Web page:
Monday, March 27, 2006


In other words, procrastination. Or actually not really. Mind-cleaning seems to be necessary, anyway. Which could be just another excuse to feel better about procrastinating, but before you judge me, let me explain. What I mean with mind-cleaning is the kind of activity you need to engage in when your thoughts get so tangled that you no longer know what the initial question was. Logically, that's when it becomes impossible to find answers.

I've been in that situation a lot lately. The challenge of the last couple of weeks has been trying to sort the technical minutiae of the analysis procedures I've been building. So, more than often I have found myself staring into the red brick wall of a dead end. I would be tinkering with pieces of code or some calculations or whatnot, and all of a sudden I would realise that I've been trying to fix something that isn't broken, or trying to use fixes that won't ever work because of some other fixes I had made earlier etc. Being a grown-up, sensible person, instead of losing my temper or all of my hope, (or indeed instead of starting over without any new ideas), I would take a step back and clean my mind. Sometimes so effectively that it would take literally hours to get back to work, but there are risks in every strategy, right? :-)

There are many methods. Reading the latest news is one, writing a blog entry another. But the better you can engage your mind in something totally different from your work the better. This is the key to the success of Sudoku. All you think of are 9 numbers... In addition to Sudoku, I find the online quizzes quite effective. The "classic" challenge is of course the news quiz, or the Uutisguru (News-guru). I'm back on the top-20's of the monthly rankings thanks to this latest data-project. :-) The engaging part of this quiz-format (Who wants to be a millionaire -style, a question and 4 options for answers, the faster you answer, the more points you score) is that even though the pool of questions is relatively limited and tends to repeat itself after a few dozen games, the game still maintains its addictive nature, since to get top scores you also need to be fast.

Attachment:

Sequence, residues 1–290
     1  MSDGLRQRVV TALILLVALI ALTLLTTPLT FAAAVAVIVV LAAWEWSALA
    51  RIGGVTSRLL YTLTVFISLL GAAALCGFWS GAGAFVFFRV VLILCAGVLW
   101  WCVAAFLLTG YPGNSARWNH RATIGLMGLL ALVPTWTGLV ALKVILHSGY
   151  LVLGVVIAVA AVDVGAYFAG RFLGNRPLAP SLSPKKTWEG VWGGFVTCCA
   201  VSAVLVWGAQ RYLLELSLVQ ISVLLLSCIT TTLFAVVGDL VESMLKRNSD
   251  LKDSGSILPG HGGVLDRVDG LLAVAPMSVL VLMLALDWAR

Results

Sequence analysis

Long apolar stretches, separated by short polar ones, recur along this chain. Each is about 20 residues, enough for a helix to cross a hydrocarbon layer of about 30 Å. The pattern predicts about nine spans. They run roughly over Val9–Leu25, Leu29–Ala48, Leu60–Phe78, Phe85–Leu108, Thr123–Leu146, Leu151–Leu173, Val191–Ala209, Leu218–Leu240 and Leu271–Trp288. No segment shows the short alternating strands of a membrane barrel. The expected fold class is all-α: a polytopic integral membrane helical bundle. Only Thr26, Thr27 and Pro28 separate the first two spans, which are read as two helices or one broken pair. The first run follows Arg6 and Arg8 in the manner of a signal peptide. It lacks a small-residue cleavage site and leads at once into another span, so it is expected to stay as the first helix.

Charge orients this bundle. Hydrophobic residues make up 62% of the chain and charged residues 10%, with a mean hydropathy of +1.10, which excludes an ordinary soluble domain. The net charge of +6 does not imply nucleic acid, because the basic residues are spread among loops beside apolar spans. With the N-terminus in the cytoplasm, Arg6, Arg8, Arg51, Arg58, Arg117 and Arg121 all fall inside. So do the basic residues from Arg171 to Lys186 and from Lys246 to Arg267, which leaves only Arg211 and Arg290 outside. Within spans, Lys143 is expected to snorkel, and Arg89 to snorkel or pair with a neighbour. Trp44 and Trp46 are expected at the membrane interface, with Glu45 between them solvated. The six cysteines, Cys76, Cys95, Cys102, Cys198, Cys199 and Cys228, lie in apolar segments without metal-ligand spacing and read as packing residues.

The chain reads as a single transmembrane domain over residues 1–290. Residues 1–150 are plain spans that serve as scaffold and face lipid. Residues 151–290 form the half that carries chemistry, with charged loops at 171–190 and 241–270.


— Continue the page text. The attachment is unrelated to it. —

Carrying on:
In fact, you have just about a second to give the right responses if you want to get to the very top. Which means that you need to learn very quick associations between questions and their answers. For many of the questions, I don't need to read the question at all, since I know which must be the right option just by seeing the answers. So I glance instead of spending time reading. With one glance I get an idea of the question, hopefully recognise it and then sweep down to find the right answer, following it with mouse. Sometimes the right answer is easy to find, since it is the shortest / longest of the options. So you save the time you would spend reading the options, just go for the one that is correct, based on the shape.

The makers of the quiz are aware of these tactics, since they tend to device nasty traps, like using answers of similar length or appearance, or in questions about years tend to use the right answers for one question as the wrong ones for the others. There are also some questions that have so much text or where the dates for instance are written out so that you actually need to read them thus losing time. As in "Who wants to be a millionaire", there are 3 lifelines, but if you need to use them, you are pretty much screwed for getting a good score. If you have done well otherwise, there might be time for a quick "50-50" but that's about it. Having to think for an answer is bad, since it takes too much time.

And that's why these quizzes work as mind-cleaning. Nothing beats good old asoociationism as a way of getting rid of congestion higher up in the cortex!

(Pic: my brain (there is one, hoorah!), fMRI photo taken last Thursday in MRC-CBU in Cambridge)

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